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Record: oai:ARNO:611858

AuthorsV.L. Castroagudín, S.I. Moreira, D.A.S. Pereira, S.S. Moreira, P.C. Brunner, J.L.N. Maciel, P.W. Crous, B.A. McDonald, E. Alves, P.C. Ceresini, D.A.S. Pereira, S.S. Moreira, P.C. Brunner, J.L.N. Maciel, P.W. Crous, B.A. McDonald, E. Alves, P.C. Ceresini, S.S. Moreira, P.C. Brunner, J.L.N. Maciel, P.W. Crous, B.A. McDonald, E. Alves, P.C. Ceresini, P.C. Brunner, J.L.N. Maciel, P.W. Crous, B.A. McDonald, E. Alves, P.C. Ceresini, J.L.N. Maciel, P.W. Crous, B.A. McDonald, E. Alves, P.C. Ceresini, P.W. Crous, B.A. McDonald, E. Alves, P.C. Ceresini
TitlePyricularia graminis-tritici, a new Pyricularia species causing wheat blast
JournalPersoonia - Molecular Phylogeny and Evolution of Fungi
Volume37
Year2016
Pages199-216
ISSN1878-9080
AbstractPyricularia oryzae is a species complex that causes blast disease on more than 50 species of poaceous plants. Pyricularia oryzae has a worldwide distribution as a rice pathogen and in the last 30 years emerged as an important wheat pathogen in southern Brazil. We conducted phylogenetic analyses using 10 housekeeping loci for 128 isolates of P. oryzae sampled from sympatric populations of wheat, rice, and grasses growing in or near wheat fields. Phylogenetic analyses grouped the isolates into three major clades. Clade 1 comprised isolates associated only with rice and corresponds to the previously described rice blast pathogen P. oryzae pathotype Oryza (PoO). Clade 2 comprised isolates associated almost exclusively with wheat and corresponds to the previously described wheat blast pathogen P. oryzae pathotype Triticum (PoT). Clade 3 contained isolates obtained from wheat as well as other Poaceae hosts. We found that Clade 3 is distinct from P. oryzae and represents a new species, Pyricularia graminis-tritici (Pgt). No morphological differences were observed among these species, but a distinctive pathogenicity spectrum was observed. Pgt and PoT were pathogenic and highly aggressive on Triticum aestivum (wheat), Hordeum vulgare (barley), Urochloa brizantha (signal grass), and Avena sativa (oats). PoO was highly virulent on the original rice host (Oryza sativa), and also on wheat, barley, and oats, but not on signal grass. We conclude that blast disease on wheat and its associated Poaceae hosts in Brazil is caused by multiple Pyricularia species. Pyricularia graminis-tritici was recently found causing wheat blast in Bangladesh. This indicates that P. graminis-tritici represents a serious threat to wheat cultivation globally.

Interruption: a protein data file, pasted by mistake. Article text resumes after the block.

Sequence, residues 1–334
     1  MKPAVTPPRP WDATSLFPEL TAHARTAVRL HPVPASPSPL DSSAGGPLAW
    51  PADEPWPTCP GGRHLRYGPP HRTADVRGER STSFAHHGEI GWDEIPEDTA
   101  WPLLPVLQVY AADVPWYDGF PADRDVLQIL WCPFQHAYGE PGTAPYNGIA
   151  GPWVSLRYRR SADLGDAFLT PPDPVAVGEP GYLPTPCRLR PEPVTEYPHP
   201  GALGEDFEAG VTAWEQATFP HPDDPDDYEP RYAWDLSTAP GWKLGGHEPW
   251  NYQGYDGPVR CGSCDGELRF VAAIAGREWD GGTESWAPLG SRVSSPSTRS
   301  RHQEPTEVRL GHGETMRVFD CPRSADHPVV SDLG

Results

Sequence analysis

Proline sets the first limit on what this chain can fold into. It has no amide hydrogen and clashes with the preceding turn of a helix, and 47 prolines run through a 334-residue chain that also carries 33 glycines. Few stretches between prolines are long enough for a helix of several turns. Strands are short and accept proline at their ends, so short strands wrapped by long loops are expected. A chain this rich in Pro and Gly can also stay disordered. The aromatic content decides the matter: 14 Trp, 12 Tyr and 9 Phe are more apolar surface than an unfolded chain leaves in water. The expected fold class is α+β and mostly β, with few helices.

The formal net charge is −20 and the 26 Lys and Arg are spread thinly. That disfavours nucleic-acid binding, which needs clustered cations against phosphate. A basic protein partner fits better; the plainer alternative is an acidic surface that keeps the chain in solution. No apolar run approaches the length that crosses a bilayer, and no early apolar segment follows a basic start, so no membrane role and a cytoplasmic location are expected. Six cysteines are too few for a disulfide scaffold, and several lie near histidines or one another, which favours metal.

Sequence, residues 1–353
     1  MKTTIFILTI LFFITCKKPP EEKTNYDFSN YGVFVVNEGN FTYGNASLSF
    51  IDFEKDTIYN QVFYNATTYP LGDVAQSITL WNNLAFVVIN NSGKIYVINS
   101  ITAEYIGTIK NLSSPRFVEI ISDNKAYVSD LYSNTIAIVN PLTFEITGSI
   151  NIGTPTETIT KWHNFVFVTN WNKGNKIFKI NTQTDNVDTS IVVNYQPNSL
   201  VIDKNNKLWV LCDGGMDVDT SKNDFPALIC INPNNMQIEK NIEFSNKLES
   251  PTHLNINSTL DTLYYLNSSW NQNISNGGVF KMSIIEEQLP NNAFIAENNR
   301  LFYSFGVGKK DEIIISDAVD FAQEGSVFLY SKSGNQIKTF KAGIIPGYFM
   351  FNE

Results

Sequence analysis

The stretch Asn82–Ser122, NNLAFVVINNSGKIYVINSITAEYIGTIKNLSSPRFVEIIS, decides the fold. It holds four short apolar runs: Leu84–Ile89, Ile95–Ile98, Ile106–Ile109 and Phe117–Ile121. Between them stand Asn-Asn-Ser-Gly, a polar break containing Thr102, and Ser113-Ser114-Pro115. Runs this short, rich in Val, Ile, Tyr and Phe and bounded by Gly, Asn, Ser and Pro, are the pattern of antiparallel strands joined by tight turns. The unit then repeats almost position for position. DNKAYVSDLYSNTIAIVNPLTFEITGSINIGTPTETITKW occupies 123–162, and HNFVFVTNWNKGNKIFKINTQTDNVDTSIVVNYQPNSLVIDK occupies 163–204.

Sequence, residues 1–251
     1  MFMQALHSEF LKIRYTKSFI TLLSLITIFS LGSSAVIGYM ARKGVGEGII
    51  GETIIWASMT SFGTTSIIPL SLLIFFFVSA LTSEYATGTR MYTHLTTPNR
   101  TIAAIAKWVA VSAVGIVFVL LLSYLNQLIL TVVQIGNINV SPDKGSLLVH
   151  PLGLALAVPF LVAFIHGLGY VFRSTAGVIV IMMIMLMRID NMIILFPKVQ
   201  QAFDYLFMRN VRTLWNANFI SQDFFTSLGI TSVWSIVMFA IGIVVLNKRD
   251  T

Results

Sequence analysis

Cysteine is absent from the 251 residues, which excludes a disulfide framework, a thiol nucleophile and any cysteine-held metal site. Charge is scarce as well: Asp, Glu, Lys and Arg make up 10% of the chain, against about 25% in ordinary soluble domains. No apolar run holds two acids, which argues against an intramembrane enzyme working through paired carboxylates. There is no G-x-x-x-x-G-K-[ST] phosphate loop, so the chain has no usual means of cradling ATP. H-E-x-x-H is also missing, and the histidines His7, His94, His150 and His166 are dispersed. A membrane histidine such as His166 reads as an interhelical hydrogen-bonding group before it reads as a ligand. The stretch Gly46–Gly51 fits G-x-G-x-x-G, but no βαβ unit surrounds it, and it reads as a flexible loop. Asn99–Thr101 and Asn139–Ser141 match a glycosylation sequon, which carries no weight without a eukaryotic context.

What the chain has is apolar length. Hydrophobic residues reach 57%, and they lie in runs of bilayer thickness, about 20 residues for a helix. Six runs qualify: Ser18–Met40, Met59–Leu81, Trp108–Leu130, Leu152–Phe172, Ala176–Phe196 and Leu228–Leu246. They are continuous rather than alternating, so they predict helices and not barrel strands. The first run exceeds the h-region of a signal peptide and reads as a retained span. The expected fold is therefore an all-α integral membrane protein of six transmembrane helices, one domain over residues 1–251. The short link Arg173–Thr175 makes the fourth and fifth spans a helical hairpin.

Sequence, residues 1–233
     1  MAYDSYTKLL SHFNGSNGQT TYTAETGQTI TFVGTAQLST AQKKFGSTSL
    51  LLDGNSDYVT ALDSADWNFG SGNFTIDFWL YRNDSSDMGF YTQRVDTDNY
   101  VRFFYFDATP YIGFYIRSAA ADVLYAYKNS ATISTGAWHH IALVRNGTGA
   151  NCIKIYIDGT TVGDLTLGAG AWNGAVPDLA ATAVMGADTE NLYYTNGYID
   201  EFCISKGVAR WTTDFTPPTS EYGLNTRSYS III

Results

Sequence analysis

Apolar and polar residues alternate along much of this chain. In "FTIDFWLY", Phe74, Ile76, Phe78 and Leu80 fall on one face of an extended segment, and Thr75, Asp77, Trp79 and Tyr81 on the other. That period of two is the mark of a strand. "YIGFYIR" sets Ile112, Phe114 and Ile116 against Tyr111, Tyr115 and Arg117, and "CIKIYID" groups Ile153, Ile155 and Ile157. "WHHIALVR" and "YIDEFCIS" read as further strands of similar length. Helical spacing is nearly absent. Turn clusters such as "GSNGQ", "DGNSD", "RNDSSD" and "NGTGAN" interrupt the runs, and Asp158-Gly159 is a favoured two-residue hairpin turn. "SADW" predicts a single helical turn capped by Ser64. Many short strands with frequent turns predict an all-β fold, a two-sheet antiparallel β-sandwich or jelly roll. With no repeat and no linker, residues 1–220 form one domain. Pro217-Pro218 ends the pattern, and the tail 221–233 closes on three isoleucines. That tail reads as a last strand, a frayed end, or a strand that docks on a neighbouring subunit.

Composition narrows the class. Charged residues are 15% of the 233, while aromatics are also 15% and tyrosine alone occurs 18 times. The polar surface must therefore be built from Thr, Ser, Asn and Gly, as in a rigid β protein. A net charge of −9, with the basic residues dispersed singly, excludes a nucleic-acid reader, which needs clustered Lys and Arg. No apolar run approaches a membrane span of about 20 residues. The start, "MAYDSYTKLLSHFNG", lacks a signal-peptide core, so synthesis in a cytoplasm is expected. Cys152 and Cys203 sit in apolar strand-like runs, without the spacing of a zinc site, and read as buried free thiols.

URLhttp://dx.doi.org/10.3767/003158516X692149
Document typearticle
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